Before too long we made it up to Surfers Paradise along Broad Beach is a part of a large city situated along the entire length of Broad Beach. The beach is maybe 25km long and has several lookouts situated along it’s length giving great views of the cityscape and surrounding coast. The city itself was somewhat claustrophobic after staying in so many small towns and since the Lonely Planet said that the population was only 6000, we thought this was another small town. We went north to one of the suburbs were there was a nice park before we made dinner (chicken in a cream and white wine sauce with a side of salad). Unfortunately we would not be able to stay at the park because of its proximity to the bustling city and continued on. After a frustrating hour of trying to escape the dark city suburbs with poorly marked street signs and no map to speak of, we finally got out and were on the highway again. The best bet we had on a small town with a beach to sleep on was a fair ways to the north called Jacobs Well.
We got into the small remote town around 10pm and found the holiday park next to the towns main boat launch, parked in a spot and called it a night. Again we were harassed by mosquitoes but I was honestly to tired from the drive to care. It was our last day with the van and like almost every other we walked into the holiday park like we owned the place and showered before breakfast. The weather had kind of packed it in so there wasn’t much else to do but drive on up to Brisbane. We were going to meet some friends there we had made in the hostel in Sydney as one was making a toque for me (she wasn’t able to finish it before leaving on their road trip) in exchange for a dinner I made for them and their friends about a week before. Again I got lost in the crazy windy roads that are Brisbane thanks to the crazy windy river that goes through the middle of the city but we eventually got to the road our hostel was supposed to be on. It was a one way road and we were too far down it the other way so I simply parked in a 7-11 and we made soup in the parking lot, camping in the urban jungle I suppose. They eventually met us there before they continued on north.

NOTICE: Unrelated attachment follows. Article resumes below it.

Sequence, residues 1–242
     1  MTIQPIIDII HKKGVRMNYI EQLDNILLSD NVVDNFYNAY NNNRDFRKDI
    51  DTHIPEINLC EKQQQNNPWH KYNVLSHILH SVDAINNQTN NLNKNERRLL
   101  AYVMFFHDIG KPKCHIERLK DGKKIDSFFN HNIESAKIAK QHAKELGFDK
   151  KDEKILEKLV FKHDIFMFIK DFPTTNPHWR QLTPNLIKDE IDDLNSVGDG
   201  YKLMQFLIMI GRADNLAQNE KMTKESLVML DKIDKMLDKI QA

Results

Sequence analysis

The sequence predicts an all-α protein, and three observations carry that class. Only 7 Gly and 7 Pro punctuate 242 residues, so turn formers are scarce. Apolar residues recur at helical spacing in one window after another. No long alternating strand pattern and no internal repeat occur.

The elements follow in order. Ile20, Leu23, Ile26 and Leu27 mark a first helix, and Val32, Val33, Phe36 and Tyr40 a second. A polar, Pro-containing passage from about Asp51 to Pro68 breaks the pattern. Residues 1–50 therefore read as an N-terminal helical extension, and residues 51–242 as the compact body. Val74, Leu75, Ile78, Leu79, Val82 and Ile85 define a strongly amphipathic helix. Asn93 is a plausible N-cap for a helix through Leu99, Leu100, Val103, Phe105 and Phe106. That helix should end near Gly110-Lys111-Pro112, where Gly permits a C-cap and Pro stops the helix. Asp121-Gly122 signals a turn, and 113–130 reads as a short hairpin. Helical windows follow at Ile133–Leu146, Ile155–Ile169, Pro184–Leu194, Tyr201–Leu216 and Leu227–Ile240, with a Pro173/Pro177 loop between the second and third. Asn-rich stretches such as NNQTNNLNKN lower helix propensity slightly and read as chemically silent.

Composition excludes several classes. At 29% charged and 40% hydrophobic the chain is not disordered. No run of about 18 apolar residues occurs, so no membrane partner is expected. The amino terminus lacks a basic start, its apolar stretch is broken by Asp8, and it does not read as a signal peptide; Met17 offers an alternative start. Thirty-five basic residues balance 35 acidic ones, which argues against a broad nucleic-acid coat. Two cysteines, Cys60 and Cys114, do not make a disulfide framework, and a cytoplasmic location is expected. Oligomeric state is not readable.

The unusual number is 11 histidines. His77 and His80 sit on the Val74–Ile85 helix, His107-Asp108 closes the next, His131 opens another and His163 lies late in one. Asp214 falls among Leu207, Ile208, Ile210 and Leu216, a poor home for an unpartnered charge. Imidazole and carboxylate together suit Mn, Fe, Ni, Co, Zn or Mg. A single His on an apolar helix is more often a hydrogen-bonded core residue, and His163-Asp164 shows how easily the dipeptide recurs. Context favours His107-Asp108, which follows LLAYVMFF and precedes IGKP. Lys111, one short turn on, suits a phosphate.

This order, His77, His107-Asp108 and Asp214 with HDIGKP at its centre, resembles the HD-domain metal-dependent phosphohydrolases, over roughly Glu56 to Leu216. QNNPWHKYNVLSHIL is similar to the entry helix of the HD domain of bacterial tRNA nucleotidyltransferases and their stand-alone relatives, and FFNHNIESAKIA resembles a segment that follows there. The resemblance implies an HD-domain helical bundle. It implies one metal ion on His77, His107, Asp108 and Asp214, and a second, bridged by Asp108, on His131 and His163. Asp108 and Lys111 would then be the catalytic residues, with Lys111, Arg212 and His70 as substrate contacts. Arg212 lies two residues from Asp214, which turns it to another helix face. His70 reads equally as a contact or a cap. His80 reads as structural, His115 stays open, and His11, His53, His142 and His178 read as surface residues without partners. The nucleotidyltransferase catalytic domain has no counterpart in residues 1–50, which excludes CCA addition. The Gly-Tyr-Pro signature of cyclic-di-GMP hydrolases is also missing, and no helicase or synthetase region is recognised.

New toque on head, we made it to the hostel and dumped our gear off before returning the camper. It was still raining and there was a decent walk back so we asked the one mechanic at Wicked who we returned the van to if they had a junky umbrella we could take with us, he returned with a beach umbrella which we gladly accepted. The entire journey back to the hostel got us some funny looks, but we were much drier than we would have been.
Two days letter and after visiting a couple more people from the Sydney hostel who were in town and we’re now at Byron Bay. I am looking for work as well as a room to rent as it is much cheaper ($150-180 a week compared to $210 at the hostel) than the alternative. I am in a bit of a money bind but I will have work by the end of the week here in Byron Bay or I will be going further into the outback where a man can make a decent buck in exchange for the isolation such a place brings. In either case, I’ll let you guys know when anything new comes up.